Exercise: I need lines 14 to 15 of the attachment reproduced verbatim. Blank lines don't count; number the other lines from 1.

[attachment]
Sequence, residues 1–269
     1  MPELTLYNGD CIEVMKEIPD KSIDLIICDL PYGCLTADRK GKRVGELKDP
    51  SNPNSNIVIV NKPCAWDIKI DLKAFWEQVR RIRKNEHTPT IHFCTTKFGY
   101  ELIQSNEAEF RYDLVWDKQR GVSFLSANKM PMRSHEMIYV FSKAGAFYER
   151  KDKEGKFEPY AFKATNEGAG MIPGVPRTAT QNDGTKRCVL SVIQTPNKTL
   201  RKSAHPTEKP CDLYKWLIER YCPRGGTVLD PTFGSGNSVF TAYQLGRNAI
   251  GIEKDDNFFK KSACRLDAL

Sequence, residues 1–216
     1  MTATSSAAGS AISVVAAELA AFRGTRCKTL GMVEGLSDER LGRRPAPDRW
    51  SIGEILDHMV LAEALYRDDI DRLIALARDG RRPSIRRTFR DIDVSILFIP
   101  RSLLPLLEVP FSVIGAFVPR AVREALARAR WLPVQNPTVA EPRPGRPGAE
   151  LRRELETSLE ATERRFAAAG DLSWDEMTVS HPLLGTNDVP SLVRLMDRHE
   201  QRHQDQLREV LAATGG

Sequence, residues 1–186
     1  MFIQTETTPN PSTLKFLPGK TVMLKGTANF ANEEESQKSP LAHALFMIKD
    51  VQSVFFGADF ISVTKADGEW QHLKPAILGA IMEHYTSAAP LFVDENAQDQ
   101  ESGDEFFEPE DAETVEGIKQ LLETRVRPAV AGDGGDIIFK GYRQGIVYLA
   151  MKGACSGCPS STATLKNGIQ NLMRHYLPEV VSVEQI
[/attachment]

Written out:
Sequence, residues 1–186
     1  MFIQTETTPN PSTLKFLPGK TVMLKGTANF ANEEESQKSP LAHALFMIKD